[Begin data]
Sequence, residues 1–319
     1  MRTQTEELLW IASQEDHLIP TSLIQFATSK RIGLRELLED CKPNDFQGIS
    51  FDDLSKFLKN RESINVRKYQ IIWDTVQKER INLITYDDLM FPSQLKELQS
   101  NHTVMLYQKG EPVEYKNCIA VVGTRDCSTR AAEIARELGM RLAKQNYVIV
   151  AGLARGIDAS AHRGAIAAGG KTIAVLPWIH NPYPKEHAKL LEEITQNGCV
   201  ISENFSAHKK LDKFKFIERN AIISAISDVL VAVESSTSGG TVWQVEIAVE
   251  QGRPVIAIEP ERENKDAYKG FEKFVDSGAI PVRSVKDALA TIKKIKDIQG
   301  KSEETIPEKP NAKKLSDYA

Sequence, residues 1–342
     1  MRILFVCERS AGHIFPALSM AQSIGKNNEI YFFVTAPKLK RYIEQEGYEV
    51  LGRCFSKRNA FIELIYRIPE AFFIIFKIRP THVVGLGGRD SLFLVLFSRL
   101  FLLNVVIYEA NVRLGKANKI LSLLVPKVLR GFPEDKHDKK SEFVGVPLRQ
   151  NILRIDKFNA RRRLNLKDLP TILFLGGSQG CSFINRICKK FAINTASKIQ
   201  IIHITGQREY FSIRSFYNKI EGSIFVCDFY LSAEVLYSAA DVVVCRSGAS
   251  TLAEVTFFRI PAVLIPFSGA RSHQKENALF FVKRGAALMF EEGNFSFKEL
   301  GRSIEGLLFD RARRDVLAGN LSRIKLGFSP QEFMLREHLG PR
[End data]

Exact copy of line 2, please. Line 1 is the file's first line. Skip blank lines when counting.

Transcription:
     1  MRTQTEELLW IASQEDHLIP TSLIQFATSK RIGLRELLED CKPNDFQGIS